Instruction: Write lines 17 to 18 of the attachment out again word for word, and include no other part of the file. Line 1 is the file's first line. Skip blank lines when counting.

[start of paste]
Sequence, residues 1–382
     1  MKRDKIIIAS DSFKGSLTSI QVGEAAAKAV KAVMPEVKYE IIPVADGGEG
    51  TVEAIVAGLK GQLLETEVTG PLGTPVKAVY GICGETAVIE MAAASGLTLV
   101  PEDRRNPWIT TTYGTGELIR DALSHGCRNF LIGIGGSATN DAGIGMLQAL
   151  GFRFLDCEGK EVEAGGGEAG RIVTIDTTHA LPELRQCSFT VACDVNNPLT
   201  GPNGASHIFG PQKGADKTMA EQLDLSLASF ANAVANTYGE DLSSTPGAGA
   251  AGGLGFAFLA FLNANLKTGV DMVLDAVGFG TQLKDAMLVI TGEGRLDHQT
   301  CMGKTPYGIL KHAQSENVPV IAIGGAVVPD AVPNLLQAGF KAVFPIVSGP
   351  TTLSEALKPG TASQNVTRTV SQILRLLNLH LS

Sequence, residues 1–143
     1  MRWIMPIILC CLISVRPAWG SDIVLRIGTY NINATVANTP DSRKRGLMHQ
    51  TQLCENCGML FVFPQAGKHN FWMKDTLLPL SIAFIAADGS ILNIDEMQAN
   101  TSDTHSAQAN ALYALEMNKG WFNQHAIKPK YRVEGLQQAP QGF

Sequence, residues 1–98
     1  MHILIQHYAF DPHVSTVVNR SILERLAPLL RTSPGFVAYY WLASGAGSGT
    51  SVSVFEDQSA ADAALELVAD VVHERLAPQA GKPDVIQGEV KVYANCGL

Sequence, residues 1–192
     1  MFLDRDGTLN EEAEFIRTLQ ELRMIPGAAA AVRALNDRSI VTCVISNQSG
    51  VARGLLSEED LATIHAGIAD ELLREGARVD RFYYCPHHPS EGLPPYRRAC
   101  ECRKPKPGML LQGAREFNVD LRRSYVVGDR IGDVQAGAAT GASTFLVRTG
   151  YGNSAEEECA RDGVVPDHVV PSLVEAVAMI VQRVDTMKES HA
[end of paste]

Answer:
Sequence, residues 1–192
     1  MFLDRDGTLN EEAEFIRTLQ ELRMIPGAAA AVRALNDRSI VTCVISNQSG